April 2010

Walk this way and Lineups

Craig Stammen Ex. game.JPGIt is important to preface any baseball statistics or arguments made a half week into the season by saying they probably mean nothing and the records mean even less. The Pirates are undefeated and tied for the lead in the NL Central and the Dodgers are in last place in the NL West. Of course, you would rather be 2-0 than 0-2 but neither record wins a playoff spot. 

The Nats look to salvage game three of their opening series against the Phillies. They will count on 26-year-old Craig Stammen, who had an impressive spring to earn the third spot in the rotation and the Nats are hoping that the third game is a charm.

“Some of the hard work has paid off, but what you do in the spring doesn’t matter,” Stammen said. “All this stuff gets thrown out when the season starts. So I have to continue the success in April.”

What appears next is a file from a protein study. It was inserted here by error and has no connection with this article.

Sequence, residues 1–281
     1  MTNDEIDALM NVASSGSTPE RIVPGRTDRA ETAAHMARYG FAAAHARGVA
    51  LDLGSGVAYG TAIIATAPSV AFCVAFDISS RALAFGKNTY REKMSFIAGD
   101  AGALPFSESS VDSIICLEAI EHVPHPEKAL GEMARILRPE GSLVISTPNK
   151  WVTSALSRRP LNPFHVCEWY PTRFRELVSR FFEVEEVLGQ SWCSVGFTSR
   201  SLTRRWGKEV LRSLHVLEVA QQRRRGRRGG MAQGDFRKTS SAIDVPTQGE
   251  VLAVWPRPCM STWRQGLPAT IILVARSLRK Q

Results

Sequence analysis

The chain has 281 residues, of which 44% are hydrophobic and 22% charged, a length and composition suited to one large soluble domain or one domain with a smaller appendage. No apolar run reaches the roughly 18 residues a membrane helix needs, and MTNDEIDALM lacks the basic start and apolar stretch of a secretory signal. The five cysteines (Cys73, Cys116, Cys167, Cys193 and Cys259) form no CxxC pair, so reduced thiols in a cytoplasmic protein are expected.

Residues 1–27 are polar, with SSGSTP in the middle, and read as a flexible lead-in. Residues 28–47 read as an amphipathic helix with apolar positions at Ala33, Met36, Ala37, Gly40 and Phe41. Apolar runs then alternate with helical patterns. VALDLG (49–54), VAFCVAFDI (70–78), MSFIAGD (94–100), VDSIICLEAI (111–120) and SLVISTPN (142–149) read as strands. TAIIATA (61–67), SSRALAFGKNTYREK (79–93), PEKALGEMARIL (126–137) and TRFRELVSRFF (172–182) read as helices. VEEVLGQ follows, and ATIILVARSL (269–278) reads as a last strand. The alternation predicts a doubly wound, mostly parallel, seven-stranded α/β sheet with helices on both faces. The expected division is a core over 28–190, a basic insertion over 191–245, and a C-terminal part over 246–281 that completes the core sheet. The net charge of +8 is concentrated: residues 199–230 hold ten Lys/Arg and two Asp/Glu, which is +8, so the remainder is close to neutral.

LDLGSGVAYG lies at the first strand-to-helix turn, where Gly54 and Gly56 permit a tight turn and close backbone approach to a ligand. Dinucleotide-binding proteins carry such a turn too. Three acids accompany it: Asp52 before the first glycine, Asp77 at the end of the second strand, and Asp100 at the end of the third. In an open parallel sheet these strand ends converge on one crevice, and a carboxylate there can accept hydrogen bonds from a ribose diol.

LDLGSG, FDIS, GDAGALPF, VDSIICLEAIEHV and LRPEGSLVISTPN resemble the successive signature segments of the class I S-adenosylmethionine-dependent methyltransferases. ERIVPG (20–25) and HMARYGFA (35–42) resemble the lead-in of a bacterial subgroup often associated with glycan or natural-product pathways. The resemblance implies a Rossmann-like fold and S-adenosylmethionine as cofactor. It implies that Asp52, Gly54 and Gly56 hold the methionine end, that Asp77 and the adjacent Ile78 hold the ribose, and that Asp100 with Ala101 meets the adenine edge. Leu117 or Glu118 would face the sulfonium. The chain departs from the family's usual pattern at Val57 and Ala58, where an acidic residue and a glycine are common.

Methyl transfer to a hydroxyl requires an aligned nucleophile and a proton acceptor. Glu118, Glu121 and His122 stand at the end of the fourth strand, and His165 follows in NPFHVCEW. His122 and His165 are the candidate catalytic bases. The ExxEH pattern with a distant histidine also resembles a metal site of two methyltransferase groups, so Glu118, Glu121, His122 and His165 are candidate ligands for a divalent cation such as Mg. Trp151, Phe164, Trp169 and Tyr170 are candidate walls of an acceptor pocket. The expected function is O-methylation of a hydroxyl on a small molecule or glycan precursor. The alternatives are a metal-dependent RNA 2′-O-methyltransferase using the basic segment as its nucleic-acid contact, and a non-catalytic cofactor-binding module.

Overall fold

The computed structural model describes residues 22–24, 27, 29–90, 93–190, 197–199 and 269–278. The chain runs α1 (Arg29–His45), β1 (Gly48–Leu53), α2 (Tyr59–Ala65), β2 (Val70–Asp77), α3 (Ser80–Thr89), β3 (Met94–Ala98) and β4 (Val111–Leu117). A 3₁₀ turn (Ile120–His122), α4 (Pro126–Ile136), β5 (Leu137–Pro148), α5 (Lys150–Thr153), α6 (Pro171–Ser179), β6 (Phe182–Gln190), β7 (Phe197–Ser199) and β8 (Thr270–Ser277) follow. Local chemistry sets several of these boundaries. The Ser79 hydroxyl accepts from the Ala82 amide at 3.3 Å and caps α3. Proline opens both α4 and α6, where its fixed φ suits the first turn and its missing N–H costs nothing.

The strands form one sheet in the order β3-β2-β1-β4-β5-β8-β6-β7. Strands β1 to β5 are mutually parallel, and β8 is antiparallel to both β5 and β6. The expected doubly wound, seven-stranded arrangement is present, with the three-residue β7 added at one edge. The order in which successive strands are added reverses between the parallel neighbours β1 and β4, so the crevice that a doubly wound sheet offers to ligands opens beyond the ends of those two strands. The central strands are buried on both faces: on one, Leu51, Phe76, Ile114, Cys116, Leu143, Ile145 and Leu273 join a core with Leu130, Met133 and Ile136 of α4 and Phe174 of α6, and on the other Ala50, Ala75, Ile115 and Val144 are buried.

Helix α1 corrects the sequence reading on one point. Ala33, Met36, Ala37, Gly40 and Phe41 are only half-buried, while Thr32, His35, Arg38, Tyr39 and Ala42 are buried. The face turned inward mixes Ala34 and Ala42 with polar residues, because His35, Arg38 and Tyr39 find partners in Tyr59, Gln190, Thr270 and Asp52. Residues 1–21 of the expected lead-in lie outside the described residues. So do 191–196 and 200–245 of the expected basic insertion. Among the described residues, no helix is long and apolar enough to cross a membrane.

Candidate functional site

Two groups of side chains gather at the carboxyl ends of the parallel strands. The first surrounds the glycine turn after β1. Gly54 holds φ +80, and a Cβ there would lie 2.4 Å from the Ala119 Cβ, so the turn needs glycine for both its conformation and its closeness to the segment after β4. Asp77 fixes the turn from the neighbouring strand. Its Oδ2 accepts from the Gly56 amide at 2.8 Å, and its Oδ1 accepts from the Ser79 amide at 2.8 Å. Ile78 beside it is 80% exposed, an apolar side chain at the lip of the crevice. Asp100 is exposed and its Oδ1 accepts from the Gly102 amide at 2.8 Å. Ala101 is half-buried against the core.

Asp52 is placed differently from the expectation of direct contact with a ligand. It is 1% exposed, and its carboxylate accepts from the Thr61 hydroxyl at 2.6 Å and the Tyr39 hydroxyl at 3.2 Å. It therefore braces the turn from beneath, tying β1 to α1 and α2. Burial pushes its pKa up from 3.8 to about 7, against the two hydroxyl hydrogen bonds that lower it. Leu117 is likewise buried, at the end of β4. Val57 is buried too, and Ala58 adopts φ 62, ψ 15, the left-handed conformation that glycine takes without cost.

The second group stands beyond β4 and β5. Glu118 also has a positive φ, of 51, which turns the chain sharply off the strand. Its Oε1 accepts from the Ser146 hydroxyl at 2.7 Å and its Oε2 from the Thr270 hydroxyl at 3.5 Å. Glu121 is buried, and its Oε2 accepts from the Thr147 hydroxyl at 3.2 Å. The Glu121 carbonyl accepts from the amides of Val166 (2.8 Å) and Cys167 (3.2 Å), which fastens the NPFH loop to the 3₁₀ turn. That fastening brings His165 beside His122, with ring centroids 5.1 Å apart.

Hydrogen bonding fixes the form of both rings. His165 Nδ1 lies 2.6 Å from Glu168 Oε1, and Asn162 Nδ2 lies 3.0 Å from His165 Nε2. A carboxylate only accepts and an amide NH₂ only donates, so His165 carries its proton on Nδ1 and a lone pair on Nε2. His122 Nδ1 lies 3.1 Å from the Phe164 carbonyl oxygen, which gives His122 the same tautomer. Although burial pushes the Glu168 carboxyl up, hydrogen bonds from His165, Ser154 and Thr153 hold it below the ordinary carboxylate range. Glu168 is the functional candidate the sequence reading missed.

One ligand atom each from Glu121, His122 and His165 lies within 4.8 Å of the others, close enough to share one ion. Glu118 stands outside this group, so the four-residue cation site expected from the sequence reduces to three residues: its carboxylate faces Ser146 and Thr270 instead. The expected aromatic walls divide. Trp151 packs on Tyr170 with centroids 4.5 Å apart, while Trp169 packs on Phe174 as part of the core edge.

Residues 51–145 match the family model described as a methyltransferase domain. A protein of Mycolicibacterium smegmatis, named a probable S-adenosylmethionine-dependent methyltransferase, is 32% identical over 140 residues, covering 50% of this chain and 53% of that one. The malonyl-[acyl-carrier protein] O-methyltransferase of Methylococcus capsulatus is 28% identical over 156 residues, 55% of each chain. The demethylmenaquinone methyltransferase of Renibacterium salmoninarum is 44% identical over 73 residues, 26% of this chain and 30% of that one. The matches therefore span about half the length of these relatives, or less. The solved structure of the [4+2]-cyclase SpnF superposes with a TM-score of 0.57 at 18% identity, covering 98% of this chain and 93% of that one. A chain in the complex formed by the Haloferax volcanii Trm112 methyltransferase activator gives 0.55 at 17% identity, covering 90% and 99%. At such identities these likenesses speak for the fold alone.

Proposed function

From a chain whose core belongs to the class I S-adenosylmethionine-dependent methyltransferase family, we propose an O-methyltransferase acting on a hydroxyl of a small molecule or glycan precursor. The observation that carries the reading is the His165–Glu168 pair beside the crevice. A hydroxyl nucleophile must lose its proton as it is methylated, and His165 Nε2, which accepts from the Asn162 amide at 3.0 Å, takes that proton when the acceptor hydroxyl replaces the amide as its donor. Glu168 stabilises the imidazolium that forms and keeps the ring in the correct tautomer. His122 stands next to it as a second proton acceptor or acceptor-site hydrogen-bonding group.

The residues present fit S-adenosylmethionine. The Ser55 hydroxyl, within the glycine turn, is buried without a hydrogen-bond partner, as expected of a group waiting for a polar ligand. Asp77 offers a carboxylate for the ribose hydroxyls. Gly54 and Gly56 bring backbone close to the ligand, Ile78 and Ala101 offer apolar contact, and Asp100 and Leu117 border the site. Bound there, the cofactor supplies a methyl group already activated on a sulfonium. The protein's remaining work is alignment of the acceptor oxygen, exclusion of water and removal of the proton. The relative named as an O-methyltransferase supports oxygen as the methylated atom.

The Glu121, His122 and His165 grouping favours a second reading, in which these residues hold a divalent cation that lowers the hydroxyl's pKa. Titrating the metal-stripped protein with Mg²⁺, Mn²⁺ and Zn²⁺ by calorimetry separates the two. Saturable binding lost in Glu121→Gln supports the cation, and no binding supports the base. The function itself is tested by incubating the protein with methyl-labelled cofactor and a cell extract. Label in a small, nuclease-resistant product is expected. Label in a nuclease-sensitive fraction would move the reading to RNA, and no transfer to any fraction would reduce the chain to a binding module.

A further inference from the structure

For Stammen to have success against the Phillies’ lineup, he will have to pound the strike zone and limit free passes, something John Lannan, Jason Marquis and the bullpen has struggled with in the past few days.

Walk this way.

The Nationals pitching staff has struggled with their control in the first two games. They lead the Majors with 17 walks, nine walks in game one and eight walks last night. The Red Sox are right behind them with 16 walks but that is in three games. These high walk numbers might be more indicative of the two lineups the teams are facing–the Phillies and Yankees, respectively–but it is never easy to win a game when a team walks eight or more batters. Last year, there were 203 times that a team issued eight or more walks and the outcome is what you may expect. The teams issuing the walks went 55-148 (.271) in those games.